Samhain -- Halloween

Airson an àm caran iargalta seo den bhliadhna, tha òraidiche Gàidhlig, Catrìona Mhoireach, ag innis mu eachdraidh Cheilteach Oidhche Shamhna. Leughaibh na leanas, ma tha sibh a’ faireachdainn treun gu leòr .................................To celebrate this rather spooky time of year Gaelic lecturer Catriona Murray shares the ancient Celtic history of Halloween, read on if you dare……………….

A Halloween pumpkin in the Lews Castle Grounds.

Bithear air mothachadh gu bheil nam bùthan làn ghnothaichean airson Oidhche Shamhna a chomharrachadh - pumpcainean, adaichean biorach dubh, agus siùcairean gu leòr. ‘S dòcha gu bheil thu den bheachd gur e dìreach fasan às na Stàitean Aonaichte a th’ ann. Ged-tà, tha freumhan Oidhche Shamhna rin lorg ann an cleachdadh gu math aosta agus gu math Ceilteach: am fèill-teine, Samhain.

Bha Samhain a’ comharrachadh an deireadh-buana: deireadh bliadhna agus toiseach bliadhna ùr. Ann an seadh, bha e a’ dèanamh fèill ris an dorchadas. Cha b’e idir gun robhar a’ brosnachadh olc no dorchadas spioradail - ach a’ toirt taing airson an fhois a tha nàdar a’ faighinn tron a’ gheamhradh. Thuigeadh ar sìnnsirean rud nach tuig sinne cho math: tha sìol a’ fàs anns an dorchadas, air falach bho shùilean dhaoine. Tha an aon rud fìor mu thimcheall nàdar san fharsaingeachd. Mar sin, cha robhar ag amhairc air dorchadas mar ni a bha a’ comharrachadh bàs, ach rud a bha a’ brosnachadh fàs.

A bheil cuimhne agaibh air pàrtaidhean Oidhche Shamhna nuair a bha sibh fhèin òg? Bhiodh bolaichean làn chnothan ann, agus mias le bùrn agus ùbhlan. Bhuineadh iad seo do na làithean a dh’ fhalbh, nuair a bha Samhain a’ comharrachadh deireadh-buana. Agus, dheidheadh an cleachdadh ann am frìth agus fàidhdearachd.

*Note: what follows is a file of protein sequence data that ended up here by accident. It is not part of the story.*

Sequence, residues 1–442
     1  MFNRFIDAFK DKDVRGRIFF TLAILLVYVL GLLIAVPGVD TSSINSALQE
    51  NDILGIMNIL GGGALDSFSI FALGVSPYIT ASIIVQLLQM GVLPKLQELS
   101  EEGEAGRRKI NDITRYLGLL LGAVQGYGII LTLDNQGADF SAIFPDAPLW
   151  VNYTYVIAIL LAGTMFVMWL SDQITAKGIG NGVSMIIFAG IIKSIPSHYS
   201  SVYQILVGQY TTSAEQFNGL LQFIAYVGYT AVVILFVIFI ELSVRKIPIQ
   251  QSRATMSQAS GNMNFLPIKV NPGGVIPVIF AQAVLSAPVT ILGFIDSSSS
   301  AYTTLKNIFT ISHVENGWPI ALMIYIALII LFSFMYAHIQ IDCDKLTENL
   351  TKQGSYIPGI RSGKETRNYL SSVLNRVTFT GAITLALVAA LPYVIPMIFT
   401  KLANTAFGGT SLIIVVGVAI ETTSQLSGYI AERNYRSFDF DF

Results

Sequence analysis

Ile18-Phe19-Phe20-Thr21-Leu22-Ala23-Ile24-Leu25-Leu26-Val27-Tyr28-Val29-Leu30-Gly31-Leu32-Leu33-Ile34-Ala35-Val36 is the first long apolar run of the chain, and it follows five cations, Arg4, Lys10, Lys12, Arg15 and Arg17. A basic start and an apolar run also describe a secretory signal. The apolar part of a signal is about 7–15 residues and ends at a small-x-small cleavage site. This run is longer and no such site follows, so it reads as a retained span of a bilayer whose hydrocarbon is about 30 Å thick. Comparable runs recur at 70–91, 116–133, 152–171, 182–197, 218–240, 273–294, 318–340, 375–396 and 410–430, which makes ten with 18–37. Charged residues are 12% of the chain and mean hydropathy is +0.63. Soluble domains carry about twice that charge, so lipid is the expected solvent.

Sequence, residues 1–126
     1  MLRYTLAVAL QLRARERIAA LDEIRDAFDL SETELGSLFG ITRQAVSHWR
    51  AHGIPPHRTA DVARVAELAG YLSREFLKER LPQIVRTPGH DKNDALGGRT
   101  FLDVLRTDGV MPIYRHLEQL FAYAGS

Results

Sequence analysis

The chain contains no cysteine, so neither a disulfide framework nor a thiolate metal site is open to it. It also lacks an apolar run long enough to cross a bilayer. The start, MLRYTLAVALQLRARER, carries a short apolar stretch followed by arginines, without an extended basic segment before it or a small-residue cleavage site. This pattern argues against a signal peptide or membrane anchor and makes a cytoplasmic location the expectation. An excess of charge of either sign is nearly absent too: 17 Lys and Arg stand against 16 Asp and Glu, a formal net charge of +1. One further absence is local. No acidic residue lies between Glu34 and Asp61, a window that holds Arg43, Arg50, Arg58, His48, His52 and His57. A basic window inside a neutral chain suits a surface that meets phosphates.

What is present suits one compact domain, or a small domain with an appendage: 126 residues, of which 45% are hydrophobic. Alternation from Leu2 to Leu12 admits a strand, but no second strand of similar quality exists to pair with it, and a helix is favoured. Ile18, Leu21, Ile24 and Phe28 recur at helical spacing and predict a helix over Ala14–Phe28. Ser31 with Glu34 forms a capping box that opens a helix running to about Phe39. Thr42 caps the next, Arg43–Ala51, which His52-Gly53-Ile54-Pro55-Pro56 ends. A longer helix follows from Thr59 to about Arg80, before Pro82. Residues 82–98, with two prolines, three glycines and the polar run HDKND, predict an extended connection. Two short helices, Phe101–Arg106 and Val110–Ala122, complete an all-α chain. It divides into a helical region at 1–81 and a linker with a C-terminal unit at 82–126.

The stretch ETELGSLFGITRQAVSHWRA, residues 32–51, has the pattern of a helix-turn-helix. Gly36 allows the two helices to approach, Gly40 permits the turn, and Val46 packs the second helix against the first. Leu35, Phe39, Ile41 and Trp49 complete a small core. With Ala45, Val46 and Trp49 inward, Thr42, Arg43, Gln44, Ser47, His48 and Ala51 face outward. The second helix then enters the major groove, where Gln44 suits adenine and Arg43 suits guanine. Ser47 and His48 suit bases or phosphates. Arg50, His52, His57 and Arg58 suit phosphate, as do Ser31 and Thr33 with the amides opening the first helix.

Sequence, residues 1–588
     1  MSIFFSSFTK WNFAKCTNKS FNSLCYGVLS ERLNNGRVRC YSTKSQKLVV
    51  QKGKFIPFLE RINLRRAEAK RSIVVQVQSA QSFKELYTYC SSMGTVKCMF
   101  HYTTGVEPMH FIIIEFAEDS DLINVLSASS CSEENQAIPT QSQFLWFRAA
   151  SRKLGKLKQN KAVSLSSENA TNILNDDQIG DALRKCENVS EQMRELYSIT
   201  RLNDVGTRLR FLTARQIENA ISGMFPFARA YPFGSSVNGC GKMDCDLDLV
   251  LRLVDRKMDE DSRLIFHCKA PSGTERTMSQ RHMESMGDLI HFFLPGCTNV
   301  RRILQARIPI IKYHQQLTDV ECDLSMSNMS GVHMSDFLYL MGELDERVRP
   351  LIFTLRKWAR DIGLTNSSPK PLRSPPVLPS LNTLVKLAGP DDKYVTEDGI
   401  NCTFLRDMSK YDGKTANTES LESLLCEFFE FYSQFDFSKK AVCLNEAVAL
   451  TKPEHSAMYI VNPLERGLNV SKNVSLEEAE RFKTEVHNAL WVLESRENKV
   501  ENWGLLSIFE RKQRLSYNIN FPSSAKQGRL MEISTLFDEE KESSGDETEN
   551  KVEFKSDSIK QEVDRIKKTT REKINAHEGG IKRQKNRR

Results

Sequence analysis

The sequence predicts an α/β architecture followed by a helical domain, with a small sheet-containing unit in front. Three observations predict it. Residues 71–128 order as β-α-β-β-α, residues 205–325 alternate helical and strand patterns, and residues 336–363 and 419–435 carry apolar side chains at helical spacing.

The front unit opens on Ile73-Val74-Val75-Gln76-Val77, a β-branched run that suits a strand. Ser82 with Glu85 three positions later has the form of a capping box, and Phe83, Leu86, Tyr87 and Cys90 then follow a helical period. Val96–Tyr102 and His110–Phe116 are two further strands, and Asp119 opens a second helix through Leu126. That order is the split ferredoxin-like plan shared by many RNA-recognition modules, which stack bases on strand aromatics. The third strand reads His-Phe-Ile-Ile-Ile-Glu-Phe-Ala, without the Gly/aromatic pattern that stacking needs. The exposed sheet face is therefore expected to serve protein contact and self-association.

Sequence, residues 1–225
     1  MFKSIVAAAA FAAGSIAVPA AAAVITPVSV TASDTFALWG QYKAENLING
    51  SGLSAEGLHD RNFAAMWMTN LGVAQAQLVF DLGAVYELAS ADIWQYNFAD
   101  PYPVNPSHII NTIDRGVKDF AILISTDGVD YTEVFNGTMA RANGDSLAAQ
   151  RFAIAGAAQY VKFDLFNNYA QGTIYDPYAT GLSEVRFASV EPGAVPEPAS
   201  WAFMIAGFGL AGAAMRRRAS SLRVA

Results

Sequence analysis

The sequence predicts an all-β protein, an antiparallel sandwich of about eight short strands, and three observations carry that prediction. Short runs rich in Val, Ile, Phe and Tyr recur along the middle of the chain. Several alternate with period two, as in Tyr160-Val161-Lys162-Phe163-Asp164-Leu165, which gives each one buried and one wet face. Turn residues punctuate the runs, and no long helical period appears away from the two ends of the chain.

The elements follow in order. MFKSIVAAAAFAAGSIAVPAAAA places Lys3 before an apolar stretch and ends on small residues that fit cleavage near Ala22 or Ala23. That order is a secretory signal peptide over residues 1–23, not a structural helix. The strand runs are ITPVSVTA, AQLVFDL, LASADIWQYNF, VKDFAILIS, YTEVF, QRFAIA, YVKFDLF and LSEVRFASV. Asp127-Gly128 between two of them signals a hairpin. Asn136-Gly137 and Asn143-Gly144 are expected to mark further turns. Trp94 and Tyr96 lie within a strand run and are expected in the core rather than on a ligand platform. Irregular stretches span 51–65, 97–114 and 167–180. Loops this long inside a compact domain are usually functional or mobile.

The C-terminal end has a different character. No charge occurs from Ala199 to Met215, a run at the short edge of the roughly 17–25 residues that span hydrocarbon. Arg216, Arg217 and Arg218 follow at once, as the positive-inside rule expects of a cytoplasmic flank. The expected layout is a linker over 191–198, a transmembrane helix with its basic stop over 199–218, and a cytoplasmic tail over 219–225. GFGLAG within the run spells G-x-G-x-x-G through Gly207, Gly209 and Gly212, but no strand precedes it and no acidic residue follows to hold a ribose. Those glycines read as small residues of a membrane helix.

Ma tha thu ag iarraidh faighinn a-mach dè mar a thèid dhut fhèin agus do chèile (no cupall eile!), tagh dà chnò agus cuir dhan teine iad. Innsidh an dol a-mach aca san teine a h-uile càil a tha thu ag iarraidh a thomhais. No, faic cò tha thu dol a phòsadh le bhith a’ sadail rùsg ùbhail tarsainn air do ghualain. Tha còir aige laighe ann an cumadh ciad litir ainm an duine.

Dè mu dheidhinn taibhsean agus droch spioradan, ged-tà? Bha iad gun teagamh bunaiteach do dh’Oidhche Shamhna. Chruthaicheadh deireadh-bliadhna beàrn ann an leantainneachd thìm - beàrn a chleachdadh creutairean os-nàdarrach agus droch spioradan mar geata dhan t-saoghal seo. Mar sin, bhathar a’ creidsinn gum b’ urrainn dha na mairbh tilleadh gus iad fhèin a bhlàthachadh aig cagailtean nam beò. ‘S e duine glic, a-rèist, a dh’ ionnsaich e fhèin a dhìon san t-suidheachadh seo.

‘S e a’ chiad cheum fios a bhith agad dè dhèanadh tu - agus bha stóras gliocais aig ar sìnnsearan an dàimh ri seo, gliocas a chaidh às ar cuimhne thar nam bliadhnaichean.

An seo aig Colaisde a’ Chaisteil, tha sinn a’ tabhainn chùrsaichean a dh’ ath-bheothaicheas ar n’ eòlais a thaobh dualchas agus cultar, cho math ri cànan. Tha sinn den bheachd gu bheil e cudromach nach caill sinn am beairteas seo.